[ 02. January 2017, 02:54: Message edited by: Palimpsest ]

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Palimpsest
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quote:
Originally posted by quetzalcoatl:
I'm waiting for a comparison between gay and paedophilia.

You have to go to a pizza parlor for that not a bakery.
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Doc Tor
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quote:
Originally posted by Palimpsest:
quote:
Originally posted by Steve Langton:

The point of what I said was in response to Palimpsest to make the point that I'm mostly in line with the common and historical usages of Christianity - really in the mainstream on most issues rather than being a 'tiny sect'.

So then why do you endlessly need to bring up your obsessions about Constantine ruining Christianity? Why derail discussion after discussion by bringing up this topic if there's no discernible difference between your sect and everyone else who hasn't rejected the Constantine Heritage who cares other than to remind you that you are wrong.
Hostly furry hat on

We are so not going there. Palimpsest, no. Just no. Everyone else? No also.

Hostly furry hat off

DT
HH


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Lost in Space

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mousethief

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quote:
Originally posted by Steve Langton:
What is objectionable is the writing, the views the book expresses. It is the same with the 'gay cake' - the ingredients are not different from a cake saying 'Happy Birthday' - but the sentiments expressed - "Support Gay Marriage" are still a good deal more controversial.

Just as "Support Equal Rights for Negroes" would have been controversial in 1959. So? Do you seriously think that somebody is going to see this cake and say, "What bakery did you get this from, so we can boycott them, or drive them out of our church, or bomb them"? What commercial or personal harm is coming to the cake baker?

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God has shown me that I should not call any man impure or unclean. --Acts 10:28

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Palimpsest
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My apologies for having crossed the boundaries of banned topics. I'll try to be more careful in the future.
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fletcher christian

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Posted by Anselmina:
quote:

Since the judgement, I've wondered what happens to, say, wedding-related businesses who have similar principles?

I was chatting to someone who had a background in law and who had ploughed through the released documents and materials related to the 'gay cake' case. He was of the opinion that the case hinged on one simple thing - the provision of services, and whether it was a 'gay cake' was actually irrelevant. A man placed an order for a cake in a shop that advertised that they made bespoke cakes for various occasions. He seems to have paid up front, or at least made some manner of part payment. The order was accepted at the time of ordering when all of the details were known. The bakery declined to fulfil their obligation (and this is the core hinge of the case) and cited an ethical dilemma.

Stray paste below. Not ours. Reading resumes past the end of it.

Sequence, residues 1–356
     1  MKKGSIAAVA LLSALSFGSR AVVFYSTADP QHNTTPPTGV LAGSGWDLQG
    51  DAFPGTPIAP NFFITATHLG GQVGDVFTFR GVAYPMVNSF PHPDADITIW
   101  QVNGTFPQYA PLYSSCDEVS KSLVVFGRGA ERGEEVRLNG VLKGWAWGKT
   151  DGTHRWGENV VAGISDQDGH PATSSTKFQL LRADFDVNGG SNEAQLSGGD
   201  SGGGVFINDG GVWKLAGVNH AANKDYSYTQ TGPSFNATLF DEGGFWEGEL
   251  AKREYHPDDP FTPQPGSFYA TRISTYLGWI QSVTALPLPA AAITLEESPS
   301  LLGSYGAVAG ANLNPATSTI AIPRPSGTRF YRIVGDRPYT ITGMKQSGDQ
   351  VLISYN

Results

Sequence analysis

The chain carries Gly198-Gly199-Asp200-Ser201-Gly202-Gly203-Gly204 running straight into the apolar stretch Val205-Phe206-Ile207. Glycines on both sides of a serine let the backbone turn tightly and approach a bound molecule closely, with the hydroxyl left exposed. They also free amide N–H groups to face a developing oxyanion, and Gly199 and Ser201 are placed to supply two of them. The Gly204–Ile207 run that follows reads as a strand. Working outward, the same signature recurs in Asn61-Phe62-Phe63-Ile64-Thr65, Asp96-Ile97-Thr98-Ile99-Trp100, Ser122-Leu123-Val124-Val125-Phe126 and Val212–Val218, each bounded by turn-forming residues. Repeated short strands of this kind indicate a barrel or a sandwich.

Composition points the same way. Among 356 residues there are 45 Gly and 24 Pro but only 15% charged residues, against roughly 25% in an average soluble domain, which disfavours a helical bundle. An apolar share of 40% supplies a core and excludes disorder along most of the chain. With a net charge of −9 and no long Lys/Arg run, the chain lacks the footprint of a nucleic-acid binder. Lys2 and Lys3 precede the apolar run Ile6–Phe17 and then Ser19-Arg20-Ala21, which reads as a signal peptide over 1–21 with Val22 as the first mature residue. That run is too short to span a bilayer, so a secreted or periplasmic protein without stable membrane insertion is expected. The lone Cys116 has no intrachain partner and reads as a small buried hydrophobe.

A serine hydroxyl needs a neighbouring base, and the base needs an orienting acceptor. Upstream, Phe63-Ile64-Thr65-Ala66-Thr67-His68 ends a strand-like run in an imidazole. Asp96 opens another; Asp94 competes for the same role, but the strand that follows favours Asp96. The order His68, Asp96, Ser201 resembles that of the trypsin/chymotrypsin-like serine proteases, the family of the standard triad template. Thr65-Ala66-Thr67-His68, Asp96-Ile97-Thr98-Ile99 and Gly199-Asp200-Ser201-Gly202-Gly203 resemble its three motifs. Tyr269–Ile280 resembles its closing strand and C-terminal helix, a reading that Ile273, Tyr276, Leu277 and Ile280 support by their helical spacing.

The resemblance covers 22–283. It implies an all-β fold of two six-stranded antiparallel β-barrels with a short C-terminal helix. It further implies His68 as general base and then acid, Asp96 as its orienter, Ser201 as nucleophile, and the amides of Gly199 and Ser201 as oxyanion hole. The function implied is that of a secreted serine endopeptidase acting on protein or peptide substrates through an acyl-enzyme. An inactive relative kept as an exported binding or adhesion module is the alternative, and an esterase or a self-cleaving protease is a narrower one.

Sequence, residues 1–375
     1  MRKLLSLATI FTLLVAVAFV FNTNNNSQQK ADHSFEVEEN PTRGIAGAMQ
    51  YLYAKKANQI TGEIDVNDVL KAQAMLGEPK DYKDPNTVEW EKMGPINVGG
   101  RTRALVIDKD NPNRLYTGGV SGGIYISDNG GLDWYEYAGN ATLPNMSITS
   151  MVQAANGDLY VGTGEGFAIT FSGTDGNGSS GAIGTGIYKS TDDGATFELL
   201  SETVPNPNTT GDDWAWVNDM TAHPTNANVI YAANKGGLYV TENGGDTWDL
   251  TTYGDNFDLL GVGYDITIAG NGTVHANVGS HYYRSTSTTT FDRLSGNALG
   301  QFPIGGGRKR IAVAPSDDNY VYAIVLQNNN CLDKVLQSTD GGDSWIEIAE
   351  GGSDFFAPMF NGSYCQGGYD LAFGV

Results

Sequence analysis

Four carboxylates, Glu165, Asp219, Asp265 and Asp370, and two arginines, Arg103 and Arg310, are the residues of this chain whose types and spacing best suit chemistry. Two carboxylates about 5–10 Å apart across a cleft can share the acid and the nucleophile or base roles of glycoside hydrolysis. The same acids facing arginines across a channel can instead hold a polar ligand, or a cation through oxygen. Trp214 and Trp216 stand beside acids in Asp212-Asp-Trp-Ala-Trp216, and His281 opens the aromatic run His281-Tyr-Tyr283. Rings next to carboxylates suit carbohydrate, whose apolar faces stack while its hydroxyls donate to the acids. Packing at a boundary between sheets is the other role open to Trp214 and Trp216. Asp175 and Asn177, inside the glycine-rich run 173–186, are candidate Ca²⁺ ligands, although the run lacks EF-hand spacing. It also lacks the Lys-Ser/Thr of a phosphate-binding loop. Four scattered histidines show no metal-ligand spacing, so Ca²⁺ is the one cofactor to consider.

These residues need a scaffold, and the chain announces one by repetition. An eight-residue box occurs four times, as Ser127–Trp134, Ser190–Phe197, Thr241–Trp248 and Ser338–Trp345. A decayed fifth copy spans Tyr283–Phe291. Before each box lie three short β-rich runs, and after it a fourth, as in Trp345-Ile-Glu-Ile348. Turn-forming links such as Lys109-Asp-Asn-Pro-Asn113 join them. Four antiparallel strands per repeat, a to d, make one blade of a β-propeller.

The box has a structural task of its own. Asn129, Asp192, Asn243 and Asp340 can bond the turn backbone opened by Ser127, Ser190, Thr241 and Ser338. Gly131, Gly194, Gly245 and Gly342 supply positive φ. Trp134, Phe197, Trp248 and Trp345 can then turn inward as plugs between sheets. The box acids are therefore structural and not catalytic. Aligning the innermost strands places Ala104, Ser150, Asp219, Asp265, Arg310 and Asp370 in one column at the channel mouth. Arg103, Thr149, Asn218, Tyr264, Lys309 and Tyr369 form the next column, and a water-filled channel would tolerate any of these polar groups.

Now this ex law fellowe seemed to be of the opinion that the media reported the whole thing as a prejudice case when in fact the entire case hinged on the one fact explained in the above paragraph. This means that nothing in law has effectively changed and the case in the future cannot be fought again and won by the accused on the basis of religious sentiment or ethical principles as these matters were superfluous to the core element of the 'offence'.

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Doc Tor
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quote:
Originally posted by Palimpsest:
My apologies for having crossed the boundaries of banned topics. I'll try to be more careful in the future.

It's not the question of the topic being banned, just that SL has been warned by Admin to avoid the topic unless it is strictly and obviously on topic. In this case, it is tangential.

DT
HH


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Lost in Space

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Anselmina
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Fletcher Christian - thank you. That was my understanding of it, too.

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Jane R
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Doc Tor:
quote:
So you do maintain the equivalence between printing Mein Kampf and putting a message supporting gay marriage on a cake, despite Nazism and gay rights being two separate and distinct things.
In fact there are legitimate academic reasons for reprinting Mein Kampf. An annotated critical edition in German was printed last year.

Contrary to popular belief in the UK, it is not a bestseller in Germany, although it did achieve respectable sales for an academic book.

If IfZ (a respectable, if not stodgy, academic publisher) can hold their noses long enough to publish a new edition of Mein Kampf, surely your friendly neighbourhood baker can hold his (or her) nose long enough to pipe 'Congratulations Andy and Barry' on a wedding cake?

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mousethief